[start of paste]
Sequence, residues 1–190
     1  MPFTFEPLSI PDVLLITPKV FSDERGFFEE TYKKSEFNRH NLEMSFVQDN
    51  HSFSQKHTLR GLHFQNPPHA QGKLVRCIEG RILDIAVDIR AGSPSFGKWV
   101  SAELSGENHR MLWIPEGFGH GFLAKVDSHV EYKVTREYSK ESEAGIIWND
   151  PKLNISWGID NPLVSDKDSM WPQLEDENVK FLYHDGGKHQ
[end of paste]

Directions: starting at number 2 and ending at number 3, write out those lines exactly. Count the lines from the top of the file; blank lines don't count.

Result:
     1  MPFTFEPLSI PDVLLITPKV FSDERGFFEE TYKKSEFNRH NLEMSFVQDN
    51  HSFSQKHTLR GLHFQNPPHA QGKLVRCIEG RILDIAVDIR AGSPSFGKWV